Even if you have never heard of the term before, you have most probably come across one or more emotional pirates in your life. Even worse, you may have entered a romantic relationship with an emotional pirate without realizing it. Learn how to recognize and ward them off to keep your soul treasures intact.
What’s An Emotional Pirate?
Some of them are easier to spot than others, like their ship and black flag are huge and prominent, while others are less obvious, sneakier and probably even more dangerous. But both are after one thing: your energy.
An emotional pirate is not just someone who likes to brag a little or who’s a little self-centered. She is the kind of person you tell about your traumatic childhood only to hear she’s had it way worse. She’s the girlfriend you meet after a tough day in the office and changes the subject when you begin to tell her about your troubles into the hell she’s been through looking for something to wear. You will know almost everything about her, but she won’t know almost anything about you. And she won’t really care.
Emotional pirates have a way of sneaking into our psyche and making us feel their life is somehow more important than ours. They demand out attention, their own self-absorption may feel so strong that you are soon deprived of your right to feel important too. That’s when you know your soul has been robbed.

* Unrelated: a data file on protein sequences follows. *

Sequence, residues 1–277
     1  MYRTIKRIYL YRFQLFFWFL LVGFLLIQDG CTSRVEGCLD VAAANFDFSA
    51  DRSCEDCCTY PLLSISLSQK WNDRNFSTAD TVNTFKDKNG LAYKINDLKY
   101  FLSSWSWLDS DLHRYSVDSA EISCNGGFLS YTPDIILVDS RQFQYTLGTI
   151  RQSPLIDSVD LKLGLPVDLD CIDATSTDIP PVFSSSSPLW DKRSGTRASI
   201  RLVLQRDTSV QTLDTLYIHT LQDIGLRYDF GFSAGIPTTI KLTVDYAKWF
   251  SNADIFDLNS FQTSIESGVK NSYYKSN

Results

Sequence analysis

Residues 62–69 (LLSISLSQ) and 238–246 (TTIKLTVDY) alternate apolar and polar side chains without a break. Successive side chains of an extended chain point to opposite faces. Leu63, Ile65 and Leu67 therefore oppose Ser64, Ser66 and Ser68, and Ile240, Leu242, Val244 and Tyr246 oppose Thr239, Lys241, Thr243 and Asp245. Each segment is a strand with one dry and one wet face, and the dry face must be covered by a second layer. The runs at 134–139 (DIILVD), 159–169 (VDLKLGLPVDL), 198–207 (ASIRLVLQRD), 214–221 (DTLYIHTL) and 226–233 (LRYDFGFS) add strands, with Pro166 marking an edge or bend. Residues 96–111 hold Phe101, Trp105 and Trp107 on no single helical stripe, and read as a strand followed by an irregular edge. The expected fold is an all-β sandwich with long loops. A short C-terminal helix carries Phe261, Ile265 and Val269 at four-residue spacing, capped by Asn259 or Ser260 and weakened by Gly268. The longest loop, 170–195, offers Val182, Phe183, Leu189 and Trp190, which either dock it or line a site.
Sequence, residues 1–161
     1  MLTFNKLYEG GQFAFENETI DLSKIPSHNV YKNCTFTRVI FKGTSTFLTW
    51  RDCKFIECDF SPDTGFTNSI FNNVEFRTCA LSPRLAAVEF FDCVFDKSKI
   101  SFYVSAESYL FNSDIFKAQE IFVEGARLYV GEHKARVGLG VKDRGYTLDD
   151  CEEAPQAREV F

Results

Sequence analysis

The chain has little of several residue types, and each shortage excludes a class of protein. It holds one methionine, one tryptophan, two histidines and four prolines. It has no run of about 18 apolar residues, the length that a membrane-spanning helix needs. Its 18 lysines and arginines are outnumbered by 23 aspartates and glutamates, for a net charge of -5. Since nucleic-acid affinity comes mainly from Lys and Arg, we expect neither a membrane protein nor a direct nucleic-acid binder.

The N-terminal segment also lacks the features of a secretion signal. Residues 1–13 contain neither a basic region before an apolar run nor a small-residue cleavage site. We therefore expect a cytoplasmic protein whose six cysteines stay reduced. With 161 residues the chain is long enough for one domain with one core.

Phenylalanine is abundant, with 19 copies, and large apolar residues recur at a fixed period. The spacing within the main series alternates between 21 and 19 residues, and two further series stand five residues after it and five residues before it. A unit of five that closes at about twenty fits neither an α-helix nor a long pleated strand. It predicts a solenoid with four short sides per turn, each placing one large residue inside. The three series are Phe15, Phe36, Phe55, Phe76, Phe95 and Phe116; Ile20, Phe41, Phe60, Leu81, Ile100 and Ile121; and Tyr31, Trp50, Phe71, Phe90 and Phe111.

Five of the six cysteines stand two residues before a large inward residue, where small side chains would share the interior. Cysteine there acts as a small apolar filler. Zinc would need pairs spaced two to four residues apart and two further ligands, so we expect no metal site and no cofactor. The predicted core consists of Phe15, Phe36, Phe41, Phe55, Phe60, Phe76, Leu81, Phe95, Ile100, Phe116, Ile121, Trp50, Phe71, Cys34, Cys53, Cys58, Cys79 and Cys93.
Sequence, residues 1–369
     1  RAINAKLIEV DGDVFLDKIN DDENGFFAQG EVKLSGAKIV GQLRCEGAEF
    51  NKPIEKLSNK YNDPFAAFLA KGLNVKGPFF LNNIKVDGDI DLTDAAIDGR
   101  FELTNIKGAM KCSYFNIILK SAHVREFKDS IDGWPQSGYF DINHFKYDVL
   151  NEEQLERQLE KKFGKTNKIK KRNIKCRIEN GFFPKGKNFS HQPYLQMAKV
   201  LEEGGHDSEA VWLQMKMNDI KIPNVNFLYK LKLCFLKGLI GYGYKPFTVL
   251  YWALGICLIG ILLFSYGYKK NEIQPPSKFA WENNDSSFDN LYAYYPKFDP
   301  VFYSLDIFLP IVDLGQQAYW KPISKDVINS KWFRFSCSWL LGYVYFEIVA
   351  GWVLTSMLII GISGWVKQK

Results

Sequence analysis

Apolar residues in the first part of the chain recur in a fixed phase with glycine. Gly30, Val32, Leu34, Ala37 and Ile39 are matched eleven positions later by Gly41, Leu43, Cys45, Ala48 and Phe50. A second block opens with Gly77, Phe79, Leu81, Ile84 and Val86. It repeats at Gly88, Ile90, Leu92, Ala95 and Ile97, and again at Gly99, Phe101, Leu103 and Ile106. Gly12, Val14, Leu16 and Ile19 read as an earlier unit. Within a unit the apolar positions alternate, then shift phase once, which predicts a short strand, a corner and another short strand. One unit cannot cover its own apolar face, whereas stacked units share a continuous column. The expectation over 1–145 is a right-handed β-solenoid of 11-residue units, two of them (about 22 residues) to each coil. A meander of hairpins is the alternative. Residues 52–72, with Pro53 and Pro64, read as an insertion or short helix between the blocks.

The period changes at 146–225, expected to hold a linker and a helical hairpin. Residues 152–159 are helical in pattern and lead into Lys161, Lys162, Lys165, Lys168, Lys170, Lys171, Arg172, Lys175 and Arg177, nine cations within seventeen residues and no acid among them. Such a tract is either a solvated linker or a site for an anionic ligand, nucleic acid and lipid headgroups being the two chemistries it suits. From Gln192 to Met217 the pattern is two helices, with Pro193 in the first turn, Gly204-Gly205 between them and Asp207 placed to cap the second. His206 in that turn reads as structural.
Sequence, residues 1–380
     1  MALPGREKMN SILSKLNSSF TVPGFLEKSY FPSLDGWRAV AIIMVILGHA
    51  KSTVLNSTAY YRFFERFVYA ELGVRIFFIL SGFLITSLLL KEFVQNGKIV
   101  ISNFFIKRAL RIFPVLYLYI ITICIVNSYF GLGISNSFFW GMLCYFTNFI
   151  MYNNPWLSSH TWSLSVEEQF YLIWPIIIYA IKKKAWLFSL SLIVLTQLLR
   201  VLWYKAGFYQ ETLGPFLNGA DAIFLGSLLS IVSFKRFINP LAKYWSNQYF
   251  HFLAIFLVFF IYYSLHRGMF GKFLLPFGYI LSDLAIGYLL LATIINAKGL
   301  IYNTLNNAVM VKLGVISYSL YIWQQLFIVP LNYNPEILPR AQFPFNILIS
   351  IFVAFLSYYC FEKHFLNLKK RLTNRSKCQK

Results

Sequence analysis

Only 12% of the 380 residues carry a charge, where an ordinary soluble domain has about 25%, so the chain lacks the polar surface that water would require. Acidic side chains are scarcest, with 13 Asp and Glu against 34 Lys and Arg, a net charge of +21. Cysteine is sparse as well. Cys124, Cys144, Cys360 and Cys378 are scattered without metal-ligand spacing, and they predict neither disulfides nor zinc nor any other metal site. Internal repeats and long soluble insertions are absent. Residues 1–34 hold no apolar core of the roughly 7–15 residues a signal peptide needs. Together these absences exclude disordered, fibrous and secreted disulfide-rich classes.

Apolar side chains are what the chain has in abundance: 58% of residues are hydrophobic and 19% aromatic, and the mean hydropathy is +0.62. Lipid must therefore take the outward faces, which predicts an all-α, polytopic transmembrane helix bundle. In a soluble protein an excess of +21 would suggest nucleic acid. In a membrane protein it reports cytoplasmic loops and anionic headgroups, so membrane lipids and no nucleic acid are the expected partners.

How Do You Deal With An Emotional Pirate Girlfriend?
Well, the first step is to recognize her. Once you have let her jump into your own emotional ship, let her know how things stand. There are some things she can touch, and others that she can’t take. Place your limits by showing you value yourself, you demand her attention as much as you are willing to offer yours, and you are not willing to constantly put her needs above yours. For example, next time she interrupts your story for hers, interrupt her again and stand your ground “Yes, but now we are talking about me”.
Then, take the wheel of your ship. When she starts being all dramatic, instead of urging her to tell you more about her pains, say something like “what can you do? That’s life” and minimize the importance of anything she says to draw attention. Once she sees that the lock of the trove is so hard to crack open, she’ll give up trying.
If all else fails, sail away. If the situation is irreparable and she is an emotional Jack Sparrow, maybe it’s best to cut loose from her. Keeping an emotional pirate on board only sets you up for hurt and manipulation – and your emotional treasure is too precious to leave out there for looting.